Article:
Guests love to hear the story behind their food. So, tell ‘m!
“Here’s your portion of fries. The ketchup you see here is made by tomatoes and the fries are hand cut. We push them through a machine, but you have to manually control the lever, of course, haha. Okay, enjoy!” Wait… What? That’s not how storytelling should be done. However… if you do it right, storytelling is a perfect way to enhance your guests’ dining experience, gain customer loyalty and create a consistent brand. Here’s how to approach it best!
What to tell
If you order wine at an expensive restaurant, you expect to hear something about the grape, the maker, the region, etcetera. But that doesn’t mean wine has the monopoly of being accompanied by a story. A good (food!) story can be told about basically anything, as long as you find the right and fitting angle. Basically, there are five angles of which you can approach a dish:
- You can tell something about the origin of the dish (both historic origin or location),
- You can talk about ingredients and how they are grown or sourced,
- You can tell something about the process of creating the dish or certain ingredients,
- You can explain or talk about the idea behind it,
- And lastly, there’s the overarching story, about your brand or the way you approach your foodservice business. For instance, this can be a story that answers the ‘why’ of your brand, restaurant or menu concept.
A great story revolves around emotion
What all these angles have in common? They revolve around emotion. A good story needs to be short, honest, empathetic, enticing and personal. People have a short attention span, especially when they’re hungry, so don’t bore them: boil your story down to the essence. Keep it real, and be empathetic. Don’t just convey a story, convey emotion. An example? “The vegetables come from a nearby farm we work with”, versus: “We work together with Jim, a local farmer who brings us these fresh veggies every morning.” With the latter, the vegetables on the plate are instantly connected to their origins, to the farmer, and the process, while the first is just factual. Short, yes, but just a little too bare and not very enticing. A good story elevates the dish, makes it more attractive. In this case it’s knowing that these veggies came fresh from the land this morning. Lastly, a story should be personal to come across as authentic. The first sentence is passive, a given. The second one is more personal, as it’s about interaction. Guests can imagine the farmer bringing his produce, and the person telling the story taking it from him.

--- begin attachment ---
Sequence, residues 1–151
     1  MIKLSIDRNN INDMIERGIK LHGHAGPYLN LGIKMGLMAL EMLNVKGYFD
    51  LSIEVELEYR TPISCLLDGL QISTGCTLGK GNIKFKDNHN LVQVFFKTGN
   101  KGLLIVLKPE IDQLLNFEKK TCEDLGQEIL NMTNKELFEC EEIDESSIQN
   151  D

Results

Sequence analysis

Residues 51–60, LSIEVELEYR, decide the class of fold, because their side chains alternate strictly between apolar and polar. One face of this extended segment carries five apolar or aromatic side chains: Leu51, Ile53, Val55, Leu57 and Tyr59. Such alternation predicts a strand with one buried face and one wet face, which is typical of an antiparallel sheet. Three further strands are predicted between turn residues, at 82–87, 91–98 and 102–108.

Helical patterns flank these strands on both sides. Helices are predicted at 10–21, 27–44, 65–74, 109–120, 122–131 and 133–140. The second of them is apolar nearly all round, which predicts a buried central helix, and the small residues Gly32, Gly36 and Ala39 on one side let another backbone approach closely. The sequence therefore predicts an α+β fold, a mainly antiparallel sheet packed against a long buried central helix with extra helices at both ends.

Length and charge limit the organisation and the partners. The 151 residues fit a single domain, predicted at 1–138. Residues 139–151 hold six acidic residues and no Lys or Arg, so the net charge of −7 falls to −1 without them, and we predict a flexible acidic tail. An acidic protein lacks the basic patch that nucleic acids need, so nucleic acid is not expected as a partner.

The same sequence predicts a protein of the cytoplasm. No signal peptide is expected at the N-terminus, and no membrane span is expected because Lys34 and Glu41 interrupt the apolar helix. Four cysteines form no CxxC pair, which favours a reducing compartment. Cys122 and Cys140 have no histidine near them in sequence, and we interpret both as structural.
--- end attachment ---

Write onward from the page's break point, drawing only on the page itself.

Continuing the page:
Let’s talk numbers
But, how does this help your business? Well, for instance, 77% of global consumers find environmentally friendly features either essential or nice to have. And 56% want brands to actively address global social issues. Also, 69% of consumers think it’s either nice to have or an essential for you, as a restaurant, to support a social cause.* So, let them know if you do so! With the rising cost of living, communicating about your products also has another effect: it makes people more willing to pay for what they’re getting, as they’re more understanding of the reasoning behind it!
Honesty is of utmost importance
But, however well your reasoning; keep in mind your message needs to resonate with the type of brand you are. When it comes to brand communication, 82% of European consumers are looking for ‘a consistent user experience, across channels’.** Not only what you say but also how you say it must match with the atmosphere of your restaurant and the dishes you serve, in order to work with you and not against you. The queen isn’t the foremost person to talk about skateboarding, but a laid-back looking skater who talks about how eloquent his latest maneuvers were, has the same estranging effect. Not being consistent as a brand is a big turnoff, as people like to have an idea of what they can expect, based upon other or former impressions.
How to tell your story
If you know what you’d like to tell and how you want to convey your story, the last question is where. Similar to how you tell it, this isn’t a one-fits-all solution. Maybe your front-of-house staff needs to tell it, maybe you should put it on your website or print it on your take-away packaging. Or maybe it’s such an overarching message, it should be on a wall near the entrance. Do you support a local cause? Put a thank you and a QR on your receipt! And if it’s about the source of your ingredients, it can be a good option to create some space in your menu, to add a nice story that ties it all together. Whatever you do, make sure to communicate in a way that’s easy to take in. That way you can get your story across and both you and your guests profit from their upgraded dining experience!
As proof of the pudding: here’s the long story short!
A good selling story is SHEEP: Short, Honest, Empathetic, Enticing and Personal. You can approach it from multiple angles, like origin, ingredients, process, idea, and execution. And, you can convey that story by showing, writing, or telling, in order to give your guests a more authentic and unique experience. But: keep it real!
Are you ready to create your story?
Source: GlobalData Webinar 'Top Trends in Foodservice 2023'